For many borrowers, refinancing a mortgage is something they will do some time during the life of the loan. What many people never consider is refinancing an auto loan, even though the car refinance application process is much faster and easier than the typical home refinance application. In addition, borrowers can save thousands over the life of a refinanced auto loan. There are three possible ways a consumer might have ended up with an interest rate higher than what they can refinance for.
1. He or she financed a new car or truck purchase at the dealership. Almost 80% of all auto loans originate at the dealer. Dealers typically charge higher interest rates on their loans. The interest rates are higher because the dealership brokers the auto loan, and they tack on a service fee. It is not unusual for an auto loan financed at a dealership to have an interest rate of 11%, while rates available from banks and online lenders are as low as 5%. Refinancing at this new rate will save you over $1,000 a year on a $20,000 loan.
2. He or she was unaware of what was on their credit report and/or what their credit score was when seeking financing. Not knowing what the lender knows gives the lender a huge advantage when the terms of the loan are being arranged. If you know your credit report and credit score before you begin negotiating loan terms you will know what interest rate you deserve. You might even find an error in your credit history that is artificially lowering your credit score.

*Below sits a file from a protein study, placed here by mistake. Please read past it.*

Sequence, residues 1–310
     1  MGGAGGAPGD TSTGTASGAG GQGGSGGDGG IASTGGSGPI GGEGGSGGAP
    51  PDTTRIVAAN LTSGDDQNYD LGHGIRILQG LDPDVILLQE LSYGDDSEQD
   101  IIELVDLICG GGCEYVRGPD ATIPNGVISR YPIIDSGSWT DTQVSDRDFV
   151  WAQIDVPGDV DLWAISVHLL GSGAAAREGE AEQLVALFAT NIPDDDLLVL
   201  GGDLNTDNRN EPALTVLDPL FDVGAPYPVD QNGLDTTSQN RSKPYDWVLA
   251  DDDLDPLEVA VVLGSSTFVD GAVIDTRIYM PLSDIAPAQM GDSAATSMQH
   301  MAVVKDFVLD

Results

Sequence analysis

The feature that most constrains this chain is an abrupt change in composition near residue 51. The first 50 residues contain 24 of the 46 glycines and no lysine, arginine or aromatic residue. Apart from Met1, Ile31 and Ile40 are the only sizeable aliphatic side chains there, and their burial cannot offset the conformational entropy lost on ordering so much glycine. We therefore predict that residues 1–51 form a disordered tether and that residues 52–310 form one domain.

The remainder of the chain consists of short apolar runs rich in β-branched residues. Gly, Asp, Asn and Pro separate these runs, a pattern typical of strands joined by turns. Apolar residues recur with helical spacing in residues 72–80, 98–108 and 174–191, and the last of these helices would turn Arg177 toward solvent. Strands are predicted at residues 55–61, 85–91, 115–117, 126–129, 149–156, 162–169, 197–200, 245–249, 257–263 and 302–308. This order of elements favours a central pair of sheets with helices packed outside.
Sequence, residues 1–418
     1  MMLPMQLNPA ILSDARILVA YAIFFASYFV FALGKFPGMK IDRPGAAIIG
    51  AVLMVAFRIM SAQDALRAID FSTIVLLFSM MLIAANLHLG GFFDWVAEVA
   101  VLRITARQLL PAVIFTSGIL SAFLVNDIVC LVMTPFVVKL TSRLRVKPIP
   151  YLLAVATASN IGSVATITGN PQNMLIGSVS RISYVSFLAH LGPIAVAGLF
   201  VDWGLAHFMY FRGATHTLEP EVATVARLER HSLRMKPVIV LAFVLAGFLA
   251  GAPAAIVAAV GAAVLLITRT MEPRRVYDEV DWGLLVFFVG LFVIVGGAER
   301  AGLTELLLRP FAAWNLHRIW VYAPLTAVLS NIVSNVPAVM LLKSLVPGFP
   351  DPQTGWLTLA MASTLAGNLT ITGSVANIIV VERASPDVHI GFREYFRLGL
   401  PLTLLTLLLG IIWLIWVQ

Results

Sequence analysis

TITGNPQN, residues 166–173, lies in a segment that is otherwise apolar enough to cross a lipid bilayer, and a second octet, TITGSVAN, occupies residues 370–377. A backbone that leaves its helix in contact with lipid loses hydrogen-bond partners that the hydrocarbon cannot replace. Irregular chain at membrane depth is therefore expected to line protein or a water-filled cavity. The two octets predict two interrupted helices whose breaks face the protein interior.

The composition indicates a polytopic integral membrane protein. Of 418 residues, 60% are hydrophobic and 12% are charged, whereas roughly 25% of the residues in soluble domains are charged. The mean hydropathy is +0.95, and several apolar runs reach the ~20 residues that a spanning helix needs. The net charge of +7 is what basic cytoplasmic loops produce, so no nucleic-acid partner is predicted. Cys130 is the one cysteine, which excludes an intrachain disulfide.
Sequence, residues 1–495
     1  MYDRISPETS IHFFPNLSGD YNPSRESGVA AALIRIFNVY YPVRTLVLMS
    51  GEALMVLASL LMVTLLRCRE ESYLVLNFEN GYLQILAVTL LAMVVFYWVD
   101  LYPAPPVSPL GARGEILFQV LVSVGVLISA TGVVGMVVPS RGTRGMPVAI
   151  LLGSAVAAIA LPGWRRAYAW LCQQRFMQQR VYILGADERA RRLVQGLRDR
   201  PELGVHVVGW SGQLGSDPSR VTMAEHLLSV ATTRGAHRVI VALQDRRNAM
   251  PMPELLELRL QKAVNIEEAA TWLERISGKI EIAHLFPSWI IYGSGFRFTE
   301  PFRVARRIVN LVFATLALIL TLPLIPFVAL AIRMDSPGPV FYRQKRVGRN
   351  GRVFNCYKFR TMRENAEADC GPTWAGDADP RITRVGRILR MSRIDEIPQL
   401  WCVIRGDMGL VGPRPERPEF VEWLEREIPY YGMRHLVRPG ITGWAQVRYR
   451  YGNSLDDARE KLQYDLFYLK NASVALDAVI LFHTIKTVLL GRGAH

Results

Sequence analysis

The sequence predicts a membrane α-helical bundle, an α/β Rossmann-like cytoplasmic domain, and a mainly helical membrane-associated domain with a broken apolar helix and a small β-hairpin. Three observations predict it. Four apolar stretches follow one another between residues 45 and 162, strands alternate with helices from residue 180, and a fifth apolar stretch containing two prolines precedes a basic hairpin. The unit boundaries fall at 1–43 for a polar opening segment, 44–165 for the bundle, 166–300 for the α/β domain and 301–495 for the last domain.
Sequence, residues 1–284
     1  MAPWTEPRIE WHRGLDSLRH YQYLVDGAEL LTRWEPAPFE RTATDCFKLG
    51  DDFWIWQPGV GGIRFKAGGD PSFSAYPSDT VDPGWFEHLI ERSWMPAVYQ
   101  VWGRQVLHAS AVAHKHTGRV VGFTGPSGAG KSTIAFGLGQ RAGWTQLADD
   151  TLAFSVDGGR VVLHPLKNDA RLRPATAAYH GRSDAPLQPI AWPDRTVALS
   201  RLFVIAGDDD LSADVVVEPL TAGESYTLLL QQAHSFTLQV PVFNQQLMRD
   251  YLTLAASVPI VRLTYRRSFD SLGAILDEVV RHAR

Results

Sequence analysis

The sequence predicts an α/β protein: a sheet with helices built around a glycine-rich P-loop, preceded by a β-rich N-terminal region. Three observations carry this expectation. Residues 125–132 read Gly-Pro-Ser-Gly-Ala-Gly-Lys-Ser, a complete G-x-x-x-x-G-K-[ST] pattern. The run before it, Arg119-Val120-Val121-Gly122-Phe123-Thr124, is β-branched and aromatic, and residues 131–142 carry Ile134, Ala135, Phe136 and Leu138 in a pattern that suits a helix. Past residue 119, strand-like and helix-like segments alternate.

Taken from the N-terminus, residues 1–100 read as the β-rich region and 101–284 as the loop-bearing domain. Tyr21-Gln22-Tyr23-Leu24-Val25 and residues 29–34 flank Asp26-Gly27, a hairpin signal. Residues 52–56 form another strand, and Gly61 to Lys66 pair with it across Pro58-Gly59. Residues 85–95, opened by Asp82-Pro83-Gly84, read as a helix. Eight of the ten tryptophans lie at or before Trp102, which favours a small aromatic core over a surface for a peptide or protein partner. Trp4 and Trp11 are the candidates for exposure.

3. The financial situation of the consumer may have improved. A 2 point improvement in a borrower’s credit score could lead to as much as a 5.5% decrease in the borrower’s interest rate. Of course, the lenders will not actively seek out borrowers to inform them they can secure a better rate. Rather, borrowers need to be aware of improvements in their credit scores, and then refinance their loans. Monitoring your credit score can lead to big savings.
The amount of paperwork necessary to complete an auto loan refinance is negligible. You can expect to provide a limited power of attorney; a legal document that allows your new lender to transfer the title of your vehicle from your old lender. An authorization for payoff; a statement that authorizes the payoff of your current auto loan. It generally lists the current payoff amount and gives your old lender your authorization to forward the title to the new lender upon receiving the payoff. An odometer statement certifying that the odometer reading of your car or truck is correct. And authorization to debit account; a form allowing your new lender to debit your bank account for your monthly car payment. Many lenders will offer a discount on the interest rate if you agree to this authorization.
Refinancing an auto loan is a great way to save money. The application process is much faster and easier than a typical home loan refinance, closing costs are minimal, and the savings can be huge. By reducing your interest rate by even 1 or 2% you will save yourself thousands of dollars over the life of the loan. That money can then be used to pay down other debt, invest in the future of your children, or help fund your retirement.